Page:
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Countries

Democratic Republic of the Congo

Democratic Republic of the Congo
Democratic Republic of the Congo
Democratic Republic of the Congo
(Brent Stirton/Getty Images for WWF-Canon)
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Overview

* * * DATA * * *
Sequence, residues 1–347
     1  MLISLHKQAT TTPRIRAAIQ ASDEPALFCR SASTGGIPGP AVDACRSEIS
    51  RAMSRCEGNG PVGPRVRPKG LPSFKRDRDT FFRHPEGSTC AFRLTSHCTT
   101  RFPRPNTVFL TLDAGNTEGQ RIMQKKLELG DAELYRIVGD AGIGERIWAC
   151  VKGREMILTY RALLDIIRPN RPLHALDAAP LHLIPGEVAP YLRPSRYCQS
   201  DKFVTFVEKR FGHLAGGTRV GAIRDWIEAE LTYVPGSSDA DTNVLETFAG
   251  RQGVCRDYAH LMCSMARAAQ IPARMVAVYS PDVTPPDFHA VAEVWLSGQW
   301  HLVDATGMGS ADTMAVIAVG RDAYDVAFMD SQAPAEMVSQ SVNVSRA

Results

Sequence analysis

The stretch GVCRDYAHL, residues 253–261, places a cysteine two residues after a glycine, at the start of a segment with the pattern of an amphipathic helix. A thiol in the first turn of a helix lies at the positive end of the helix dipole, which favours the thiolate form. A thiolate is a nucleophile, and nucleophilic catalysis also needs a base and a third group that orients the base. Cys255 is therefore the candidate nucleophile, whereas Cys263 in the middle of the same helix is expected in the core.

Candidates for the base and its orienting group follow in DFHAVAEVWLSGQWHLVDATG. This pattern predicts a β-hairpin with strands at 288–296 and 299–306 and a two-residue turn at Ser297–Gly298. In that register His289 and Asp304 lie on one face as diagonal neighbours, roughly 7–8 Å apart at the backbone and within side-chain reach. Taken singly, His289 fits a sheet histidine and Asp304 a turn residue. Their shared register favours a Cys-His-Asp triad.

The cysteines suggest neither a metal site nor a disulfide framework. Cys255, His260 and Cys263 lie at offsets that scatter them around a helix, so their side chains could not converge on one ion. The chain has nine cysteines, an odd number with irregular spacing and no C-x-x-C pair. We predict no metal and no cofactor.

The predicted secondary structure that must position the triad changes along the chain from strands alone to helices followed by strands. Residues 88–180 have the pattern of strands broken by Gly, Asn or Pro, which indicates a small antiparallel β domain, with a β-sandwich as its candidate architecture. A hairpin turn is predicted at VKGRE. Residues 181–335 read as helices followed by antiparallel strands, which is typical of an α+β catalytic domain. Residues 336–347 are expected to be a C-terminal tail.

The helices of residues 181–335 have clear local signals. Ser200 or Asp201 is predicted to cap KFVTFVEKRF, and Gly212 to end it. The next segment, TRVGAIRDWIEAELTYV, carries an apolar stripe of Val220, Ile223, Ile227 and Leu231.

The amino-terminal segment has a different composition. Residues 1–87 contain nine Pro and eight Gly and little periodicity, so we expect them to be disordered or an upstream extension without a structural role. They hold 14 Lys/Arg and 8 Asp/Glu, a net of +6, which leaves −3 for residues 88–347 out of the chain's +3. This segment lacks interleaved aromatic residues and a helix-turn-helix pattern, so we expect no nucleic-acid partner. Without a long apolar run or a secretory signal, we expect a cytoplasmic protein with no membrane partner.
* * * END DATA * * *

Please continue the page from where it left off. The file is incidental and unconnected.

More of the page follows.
The Democratic Republic of the Congo is a massive country in Central Africa. It is bordered by the Central African Republic and South Sudan to the north; Uganda, Rwanda, Burundi and Tanzania to the east; Zambia and Angola to the south; and the Republic of the Congo to the west. The Democratic Republic of the Congo is roughly the size of Western Europe, and much of its territory is covered by dense jungle and is difficult to navigate. Its mammoth size and position in Central Africa have long drawn interest from outsiders. From the French and Belgian imperial conquests of the Congo River in the 19th and early 20th centuries to Cold War superpower intrigue and regional wars in the post-independence period, the country has attracted more than its fair share of foreign meddling. Since independence, the country has struggled to manage its extensive territories and its ethnic and regional divisions. It can be said that under the best of circumstances, the country is weak and prone to internal cleavages. Kinshasa, the political capital, simply does not have the resources to exercise a monopoly on force. By extension, the country's infrastructure remains woefully underdeveloped. Instead, the decades since independence have seen countless rebellions and other forms of insurrection in Katanga and other regions. Given this instability, the country's deep pockets of natural resources and its security vacuums have made it an attractive place for neighboring states and foreign powers to intrude. In regional terms, this has included Rwanda, Uganda and many other states over the years, and the United States and the Soviet Union fought for influence there after 1960. Additionally, the U.N. presence in the Congo is one of the longest-running operations for the international organization, tracing its origins back to 1960. The country's unwieldy size and difficult terrain profoundly constrain any movement beyond its status as a failed state. As such, it will remain a source of interest and concern for states near and far for many years to come.

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